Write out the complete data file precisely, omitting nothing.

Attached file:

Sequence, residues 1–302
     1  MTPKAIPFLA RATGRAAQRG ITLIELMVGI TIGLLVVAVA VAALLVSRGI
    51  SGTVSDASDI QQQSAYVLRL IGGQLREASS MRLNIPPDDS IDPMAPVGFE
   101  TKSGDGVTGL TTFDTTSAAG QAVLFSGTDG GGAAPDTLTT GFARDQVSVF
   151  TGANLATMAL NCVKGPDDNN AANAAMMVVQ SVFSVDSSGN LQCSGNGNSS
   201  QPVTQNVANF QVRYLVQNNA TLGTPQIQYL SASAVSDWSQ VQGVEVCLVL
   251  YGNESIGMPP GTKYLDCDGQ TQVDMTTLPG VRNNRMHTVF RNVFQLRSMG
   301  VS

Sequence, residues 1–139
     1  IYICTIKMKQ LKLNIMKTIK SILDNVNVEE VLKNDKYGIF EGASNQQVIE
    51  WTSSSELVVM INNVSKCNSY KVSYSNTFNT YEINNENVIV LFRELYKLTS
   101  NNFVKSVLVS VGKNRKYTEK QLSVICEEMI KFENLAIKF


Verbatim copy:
Sequence, residues 1–302
     1  MTPKAIPFLA RATGRAAQRG ITLIELMVGI TIGLLVVAVA VAALLVSRGI
    51  SGTVSDASDI QQQSAYVLRL IGGQLREASS MRLNIPPDDS IDPMAPVGFE
   101  TKSGDGVTGL TTFDTTSAAG QAVLFSGTDG GGAAPDTLTT GFARDQVSVF
   151  TGANLATMAL NCVKGPDDNN AANAAMMVVQ SVFSVDSSGN LQCSGNGNSS
   201  QPVTQNVANF QVRYLVQNNA TLGTPQIQYL SASAVSDWSQ VQGVEVCLVL
   251  YGNESIGMPP GTKYLDCDGQ TQVDMTTLPG VRNNRMHTVF RNVFQLRSMG
   301  VS

Sequence, residues 1–139
     1  IYICTIKMKQ LKLNIMKTIK SILDNVNVEE VLKNDKYGIF EGASNQQVIE
    51  WTSSSELVVM INNVSKCNSY KVSYSNTFNT YEINNENVIV LFRELYKLTS
   101  NNFVKSVLVS VGKNRKYTEK QLSVICEEMI KFENLAIKF